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* Edit the generated `Makefile` and remove the line `BJAM_CONFIG = <empty>`.  * Edit the generated `Makefile` and remove the line `BJAM_CONFIG = <empty>`.
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* Start the build with  * Start the build with
 {{{
 BJAM_CONFIG="-j4 variant=release link=shared" make install
 }}}
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        BJAM_CONFIG="-j4 variant=release link=shared" make install
  
 
where you replace the '4' by the number of CPUs you would like to use for the build.
 where you replace the '4' by the number of CPUs you would like to use for the build.
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* It prevents Boost from building itself four times over. Boost (unwisely) defaults to building itself in every combination of {shared,static} linking and {debug,non-debug} builds. This is usually unnecessary and wastes time and space.
* It makes use of all cores present in a machine.
 * It prevents Boost from building itself four times over. Boost (unwisely) defaults to building itself in every combination of {shared,static} linking and {debug,non-debug} builds. This is usually unnecessary and wastes time and space.
 * It makes use of all cores present in a machine.

Boost Installation Howto

Step 1: Install Boost

These instructions will help you install the Boost C++ libraries] on a Linux system. If you already have them installed, make sure that it's the version required by the software you would like to use. If not, no problem, we'll build it now. Before you start, make sure you have the Python headers (i.e. development information) installed. Your operating system may call this package something like python-dev or python-devel. Next, download] the boost release tar.bz2 file. Then, do this:

$ tar xfj ~/download/boost_1_37_0.tar.bz2
$ cd boost_1_37_0
$ ./configure --prefix=$HOME/pool
$ make
$ make install

(Whenever you see the "$" dollar sign, this means you should enter the subsequent text at your shell prompt. You don't have to be root. A few spots are marked with "sudo" to show that these *do* require root privileges if you are using a Python interpreter that is installed globally.)

You may adapt the file and directory names to suit your liking, however the rest of this tutorial will assume that you use these paths.

Please make sure that the Boost.Python configuration process finds the version of Python you intend to use. It is output during the configure/make stage.

If you see something like:

...failed updating 30 targets...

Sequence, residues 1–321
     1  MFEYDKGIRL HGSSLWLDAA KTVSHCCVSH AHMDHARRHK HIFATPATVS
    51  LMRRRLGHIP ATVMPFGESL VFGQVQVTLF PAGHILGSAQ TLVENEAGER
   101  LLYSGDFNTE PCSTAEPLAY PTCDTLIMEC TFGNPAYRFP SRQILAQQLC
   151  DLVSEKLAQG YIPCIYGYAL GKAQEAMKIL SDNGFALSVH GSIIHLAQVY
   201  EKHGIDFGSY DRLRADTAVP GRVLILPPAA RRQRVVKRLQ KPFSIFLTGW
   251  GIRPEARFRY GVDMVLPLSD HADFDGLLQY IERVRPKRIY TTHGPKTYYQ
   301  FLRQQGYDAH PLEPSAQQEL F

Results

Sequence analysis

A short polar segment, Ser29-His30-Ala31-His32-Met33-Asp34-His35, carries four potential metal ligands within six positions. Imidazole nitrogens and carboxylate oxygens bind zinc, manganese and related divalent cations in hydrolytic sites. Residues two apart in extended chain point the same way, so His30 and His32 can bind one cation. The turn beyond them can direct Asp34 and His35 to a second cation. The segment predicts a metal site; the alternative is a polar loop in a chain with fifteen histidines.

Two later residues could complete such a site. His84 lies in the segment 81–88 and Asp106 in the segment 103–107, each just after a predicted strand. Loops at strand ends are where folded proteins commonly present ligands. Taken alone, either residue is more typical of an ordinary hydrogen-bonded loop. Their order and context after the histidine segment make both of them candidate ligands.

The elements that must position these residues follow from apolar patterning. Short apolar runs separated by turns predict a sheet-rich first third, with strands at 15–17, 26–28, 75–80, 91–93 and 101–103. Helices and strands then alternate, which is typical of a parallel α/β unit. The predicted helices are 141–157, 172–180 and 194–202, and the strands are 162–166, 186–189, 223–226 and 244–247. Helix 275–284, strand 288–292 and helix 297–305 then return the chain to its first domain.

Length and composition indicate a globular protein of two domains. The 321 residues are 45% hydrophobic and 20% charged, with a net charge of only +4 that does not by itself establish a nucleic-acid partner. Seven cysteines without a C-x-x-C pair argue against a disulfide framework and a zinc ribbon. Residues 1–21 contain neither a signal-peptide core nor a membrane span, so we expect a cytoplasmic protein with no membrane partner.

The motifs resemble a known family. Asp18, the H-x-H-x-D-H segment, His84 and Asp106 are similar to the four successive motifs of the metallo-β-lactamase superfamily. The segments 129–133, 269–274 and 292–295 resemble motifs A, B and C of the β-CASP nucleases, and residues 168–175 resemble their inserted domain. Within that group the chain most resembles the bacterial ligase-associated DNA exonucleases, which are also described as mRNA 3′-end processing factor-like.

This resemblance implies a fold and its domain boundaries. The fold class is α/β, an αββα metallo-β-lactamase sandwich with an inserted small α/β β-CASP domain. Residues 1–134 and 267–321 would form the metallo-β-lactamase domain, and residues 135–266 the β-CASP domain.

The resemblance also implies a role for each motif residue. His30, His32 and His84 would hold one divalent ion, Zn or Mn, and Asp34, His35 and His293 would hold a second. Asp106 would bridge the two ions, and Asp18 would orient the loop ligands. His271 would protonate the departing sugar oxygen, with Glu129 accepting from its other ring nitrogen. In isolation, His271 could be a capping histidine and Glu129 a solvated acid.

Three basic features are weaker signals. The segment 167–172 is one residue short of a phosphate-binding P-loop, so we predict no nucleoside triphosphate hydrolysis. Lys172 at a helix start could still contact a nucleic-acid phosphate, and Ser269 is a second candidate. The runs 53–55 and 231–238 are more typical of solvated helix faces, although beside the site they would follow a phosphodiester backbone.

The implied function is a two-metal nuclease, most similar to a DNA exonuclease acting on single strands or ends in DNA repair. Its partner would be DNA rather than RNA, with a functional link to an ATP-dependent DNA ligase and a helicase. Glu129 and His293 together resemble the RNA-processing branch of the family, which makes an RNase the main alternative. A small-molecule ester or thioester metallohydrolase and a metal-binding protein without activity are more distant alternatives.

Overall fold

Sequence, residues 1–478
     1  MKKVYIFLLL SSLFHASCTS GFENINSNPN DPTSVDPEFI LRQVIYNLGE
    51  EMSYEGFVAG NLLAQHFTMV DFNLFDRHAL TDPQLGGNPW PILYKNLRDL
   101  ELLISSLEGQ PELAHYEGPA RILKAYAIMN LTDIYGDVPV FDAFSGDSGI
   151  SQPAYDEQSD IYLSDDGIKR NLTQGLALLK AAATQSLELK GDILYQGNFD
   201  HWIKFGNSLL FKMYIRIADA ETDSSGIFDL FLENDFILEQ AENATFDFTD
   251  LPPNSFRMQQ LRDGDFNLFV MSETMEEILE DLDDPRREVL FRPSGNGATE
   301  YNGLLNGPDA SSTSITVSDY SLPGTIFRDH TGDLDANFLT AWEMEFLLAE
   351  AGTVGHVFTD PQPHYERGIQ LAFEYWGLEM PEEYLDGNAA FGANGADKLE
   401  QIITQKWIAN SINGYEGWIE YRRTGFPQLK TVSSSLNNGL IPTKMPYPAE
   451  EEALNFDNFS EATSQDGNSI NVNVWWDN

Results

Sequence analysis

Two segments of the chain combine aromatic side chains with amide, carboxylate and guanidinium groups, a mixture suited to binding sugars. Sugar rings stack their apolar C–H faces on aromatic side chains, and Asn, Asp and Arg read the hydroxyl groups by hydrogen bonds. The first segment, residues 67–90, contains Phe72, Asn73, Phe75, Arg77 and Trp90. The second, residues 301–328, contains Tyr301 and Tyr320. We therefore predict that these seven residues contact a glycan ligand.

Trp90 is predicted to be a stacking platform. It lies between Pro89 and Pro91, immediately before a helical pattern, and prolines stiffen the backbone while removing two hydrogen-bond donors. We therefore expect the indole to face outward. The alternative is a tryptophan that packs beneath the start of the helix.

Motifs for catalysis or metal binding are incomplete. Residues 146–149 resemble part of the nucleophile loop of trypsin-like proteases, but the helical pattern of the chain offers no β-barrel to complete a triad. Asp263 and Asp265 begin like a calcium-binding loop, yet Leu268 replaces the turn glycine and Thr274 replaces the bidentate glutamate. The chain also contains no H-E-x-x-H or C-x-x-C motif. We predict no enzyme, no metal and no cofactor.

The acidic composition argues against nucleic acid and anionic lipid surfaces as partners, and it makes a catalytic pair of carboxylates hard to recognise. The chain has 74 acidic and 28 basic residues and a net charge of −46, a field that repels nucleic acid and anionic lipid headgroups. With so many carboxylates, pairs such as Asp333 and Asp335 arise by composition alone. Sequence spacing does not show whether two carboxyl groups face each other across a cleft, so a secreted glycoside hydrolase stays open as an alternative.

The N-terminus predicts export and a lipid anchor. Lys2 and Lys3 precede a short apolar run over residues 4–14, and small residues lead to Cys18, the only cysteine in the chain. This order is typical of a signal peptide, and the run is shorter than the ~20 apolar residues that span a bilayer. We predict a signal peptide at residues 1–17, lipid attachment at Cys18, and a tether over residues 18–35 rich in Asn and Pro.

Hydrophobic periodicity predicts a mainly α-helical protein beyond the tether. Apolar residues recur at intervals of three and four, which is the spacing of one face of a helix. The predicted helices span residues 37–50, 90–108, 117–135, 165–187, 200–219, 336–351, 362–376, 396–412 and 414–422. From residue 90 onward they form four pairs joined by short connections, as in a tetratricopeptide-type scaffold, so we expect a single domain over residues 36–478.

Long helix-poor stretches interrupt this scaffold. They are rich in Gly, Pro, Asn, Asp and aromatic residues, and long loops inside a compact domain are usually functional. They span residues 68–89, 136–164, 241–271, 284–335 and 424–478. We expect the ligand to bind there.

...skipped 2 targets...

at the end of the build process, please double-check that you have the Python headers installed. If you failed fewer targets (up to 5), you're probably ok for most of my packages, but you might still want to install libz-dev and libbz2-dev for that "perfect score".

Step 2: Tell the Dynamic Linker about Boost

If you use a bash or /bin/sh or another POSIX-compliant shell, use this command:

export LD_LIBRARY_PATH=$HOME/pool/lib:${LD_LIBRARY_PATH}

or, if you are still using a C Shell, use this:

setenv LD_LIBRARY_PATH $HOME/pool/lib:${LD_LIBRARY_PATH}

You might want to put this command in your startup script, so you don't have to type this over and over. If you forget this step, you will see errors like this one later on::

...gibberish...
ImportError: libboost_python-gcc42-mt-1_35.so.1.35.0: 
cannot open shared object file: No such file or directory
...gibberish...

Speeding up the build

Boost is seen by many as a rather heavy-weight dependency. This is view is understandable given the rather voluminous download and long build time. At its core, however, Boost is a very modular library that consists of many components that each perform one job very well.

While there are efforts underway to split up boost into more manageable downloads, here's a trick that can be used to cut down Boost's build time to about a minute on a modern machine:

  • Run Boost's ./configure script as above.

  • Edit the generated Makefile and remove the line BJAM_CONFIG = <empty>.

  • Start the build with
     BJAM_CONFIG="-j4 variant=release link=shared" make install
    where you replace the '4' by the number of CPUs you would like to use for the build.

This trick employs two techniques to speed up the build:

  • It prevents Boost from building itself four times over. Boost (unwisely) defaults to building itself in every combination of {shared,static} linking and {debug,non-debug} builds. This is usually unnecessary and wastes time and space.
  • It makes use of all cores present in a machine.

BoostInstallationHowto/Version1.38AndBelow (last edited 2009-06-14 15:16:45 by AndreasKloeckner)